keywords = "Angiostatin, Pancreatic neoplasms, Plasminogen, Urokinase plasminogen activator",
author = "O'Mahony, {Christine A.} and Amy Seidel and Daniel Albo and Hong Chang and Tuszynski, {George P.} and Berger, {David H.}",
year = "1998",
month = "1",
day = "1",
doi = "10.1006/jsre.1998.5334",
language = "English (US)",
volume = "77",
pages = "55--58",
journal = "Journal of Surgical Research",
issn = "0022-4804",
publisher = "Academic Press Inc.",
number = "1",

}

TY - JOUR

T1 - Angiostatin generation by human pancreatic cancer

AU - O'Mahony, Christine A.

AU - Seidel, Amy

AU - Albo, Daniel

AU - Chang, Hong

AU - Tuszynski, George P.

AU - Berger, David H.

PY - 1998/1/1

Y1 - 1998/1/1

N2 - Background. Angiostatin, a proteolytic fragment of plasminogen, is a potent inhibitor of angiogenesis. In vitro, angiostatin can be generated by pancreatic elastase proteolysis of plasminogen; however, in vivo, the enzymes responsible for angiostatin production are not known. A recent study demonstrates the involvement of a serine protease in angiostatin generation. In this study we sought to determine if the human pancreatic carcinoma cell line ASPC1 produced enzymatic activity capable of converting plasminogen to angiostatin and to determine if urokinase plasminogen activator (uPA) is involved in this system. Methods. ASPC1 cells were grown to near confluence in 20% FBS-RPMI. Media were changed to serum free and cells cultured for an additional 24 h. The serum free conditioned media (SFCM) was obtained. Angiostatin generation was determined by incubating 20 μg of human plasminogen with 100 μl of SFCM for 0, 3, 8, 12, 24, and 48 h. Plasminogen cleavage was assessed in the presence of the following protease inhibitors: pefabloc, aprotinin, phosphoramidon, leupeptin, and EDTA. The effect of uPA on angiostatin generation was determined by incubating plasminogen with antibody to uPA. Angiostatin generation was determined by Western blot. Results. Incubation of plasminogen with SFCM resulted in the generation of immunoreactive bands at 48 kDa corresponding to human angiostatin. Angiostatin generation by ASPC1 SFCM was time dependent; there was a significant decrease in the plasminogen substrate beginning at 3 h with complete conversion to angiostatin by 48 h. Enzymatic activity leading to angiostatin production was found to be due to a serine protease. Antibody to uPA effectively blocked angiostatin production by ASPC1 SFCM in a dose- dependent manner. Conclusion. Human pancreatic cancer cells express enzymatic activity which leads to the generation of angiostatin. Conversion of plasminogen to angiostatin is due to a serine protease. This serine protease is most likely uPA.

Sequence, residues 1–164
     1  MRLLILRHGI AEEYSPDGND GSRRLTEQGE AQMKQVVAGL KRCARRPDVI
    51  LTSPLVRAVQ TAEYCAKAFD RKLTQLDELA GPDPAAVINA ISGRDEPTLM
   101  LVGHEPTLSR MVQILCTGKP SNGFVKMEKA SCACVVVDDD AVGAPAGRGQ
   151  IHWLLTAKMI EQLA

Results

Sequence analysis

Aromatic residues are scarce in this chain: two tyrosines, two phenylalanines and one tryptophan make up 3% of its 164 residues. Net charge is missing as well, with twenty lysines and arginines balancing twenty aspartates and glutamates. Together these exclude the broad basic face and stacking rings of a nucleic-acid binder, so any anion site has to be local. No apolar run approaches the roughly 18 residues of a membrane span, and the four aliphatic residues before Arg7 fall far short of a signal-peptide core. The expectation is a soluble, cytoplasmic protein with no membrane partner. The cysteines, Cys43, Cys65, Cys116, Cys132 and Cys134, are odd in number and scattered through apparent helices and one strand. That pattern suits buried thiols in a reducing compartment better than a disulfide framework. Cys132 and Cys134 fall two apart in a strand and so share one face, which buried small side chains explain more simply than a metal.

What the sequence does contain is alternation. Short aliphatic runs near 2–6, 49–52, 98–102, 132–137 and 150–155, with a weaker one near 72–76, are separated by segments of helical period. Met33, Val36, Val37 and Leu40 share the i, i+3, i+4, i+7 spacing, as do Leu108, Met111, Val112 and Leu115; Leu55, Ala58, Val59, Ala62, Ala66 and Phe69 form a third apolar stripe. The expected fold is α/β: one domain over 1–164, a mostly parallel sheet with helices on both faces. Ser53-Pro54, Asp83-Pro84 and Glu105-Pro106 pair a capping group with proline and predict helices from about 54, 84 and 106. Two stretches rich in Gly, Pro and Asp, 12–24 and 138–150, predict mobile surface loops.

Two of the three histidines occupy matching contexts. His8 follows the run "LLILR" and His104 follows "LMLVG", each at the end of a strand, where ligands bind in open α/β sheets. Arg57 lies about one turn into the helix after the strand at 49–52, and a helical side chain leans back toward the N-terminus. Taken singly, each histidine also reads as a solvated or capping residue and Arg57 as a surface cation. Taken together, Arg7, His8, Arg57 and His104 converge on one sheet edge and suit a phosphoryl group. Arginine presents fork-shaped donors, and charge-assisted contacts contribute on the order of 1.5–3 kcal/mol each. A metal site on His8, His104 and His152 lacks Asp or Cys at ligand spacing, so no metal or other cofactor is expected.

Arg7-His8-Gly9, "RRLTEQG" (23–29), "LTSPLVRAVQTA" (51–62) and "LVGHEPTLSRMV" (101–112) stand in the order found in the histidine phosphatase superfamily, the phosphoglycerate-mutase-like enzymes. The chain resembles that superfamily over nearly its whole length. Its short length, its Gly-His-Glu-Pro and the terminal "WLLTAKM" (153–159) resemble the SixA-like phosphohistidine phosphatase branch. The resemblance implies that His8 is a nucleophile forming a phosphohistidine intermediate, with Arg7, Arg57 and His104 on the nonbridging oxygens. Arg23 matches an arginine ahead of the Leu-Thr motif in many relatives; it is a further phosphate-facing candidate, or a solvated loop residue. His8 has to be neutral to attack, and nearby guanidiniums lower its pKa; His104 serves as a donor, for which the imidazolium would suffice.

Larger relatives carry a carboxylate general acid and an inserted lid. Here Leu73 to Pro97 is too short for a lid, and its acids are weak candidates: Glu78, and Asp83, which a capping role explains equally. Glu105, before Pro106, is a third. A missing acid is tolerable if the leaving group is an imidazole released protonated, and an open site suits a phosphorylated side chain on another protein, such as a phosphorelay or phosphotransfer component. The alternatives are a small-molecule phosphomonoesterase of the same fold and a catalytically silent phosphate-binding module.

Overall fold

AB - Background. Angiostatin, a proteolytic fragment of plasminogen, is a potent inhibitor of angiogenesis. In vitro, angiostatin can be generated by pancreatic elastase proteolysis of plasminogen; however, in vivo, the enzymes responsible for angiostatin production are not known. A recent study demonstrates the involvement of a serine protease in angiostatin generation. In this study we sought to determine if the human pancreatic carcinoma cell line ASPC1 produced enzymatic activity capable of converting plasminogen to angiostatin and to determine if urokinase plasminogen activator (uPA) is involved in this system. Methods. ASPC1 cells were grown to near confluence in 20% FBS-RPMI. Media were changed to serum free and cells cultured for an additional 24 h. The serum free conditioned media (SFCM) was obtained. Angiostatin generation was determined by incubating 20 μg of human plasminogen with 100 μl of SFCM for 0, 3, 8, 12, 24, and 48 h. Plasminogen cleavage was assessed in the presence of the following protease inhibitors: pefabloc, aprotinin, phosphoramidon, leupeptin, and EDTA. The effect of uPA on angiostatin generation was determined by incubating plasminogen with antibody to uPA. Angiostatin generation was determined by Western blot. Results. Incubation of plasminogen with SFCM resulted in the generation of immunoreactive bands at 48 kDa corresponding to human angiostatin. Angiostatin generation by ASPC1 SFCM was time dependent; there was a significant decrease in the plasminogen substrate beginning at 3 h with complete conversion to angiostatin by 48 h. Enzymatic activity leading to angiostatin production was found to be due to a serine protease. Antibody to uPA effectively blocked angiostatin production by ASPC1 SFCM in a dose- dependent manner. Conclusion. Human pancreatic cancer cells express enzymatic activity which leads to the generation of angiostatin. Conversion of plasminogen to angiostatin is due to a serine protease. This serine protease is most likely uPA.

KW - Angiostatin

KW - Pancreatic neoplasms

KW - Plasminogen

KW - Urokinase plasminogen activator

UR - http://www.scopus.com/inward/record.url?scp=0031880835&partnerID=8YFLogxK

UR - http://www.scopus.com/inward/citedby.url?scp=0031880835&partnerID=8YFLogxK

U2 - 10.1006/jsre.1998.5334

DO - 10.1006/jsre.1998.5334

M3 - Article

C2 - 9698533

AN - SCOPUS:0031880835

VL - 77

SP - 55

EP - 58

JO - Journal of Surgical Research

JF - Journal of Surgical Research

SN - 0022-4804

IS - 1

ER -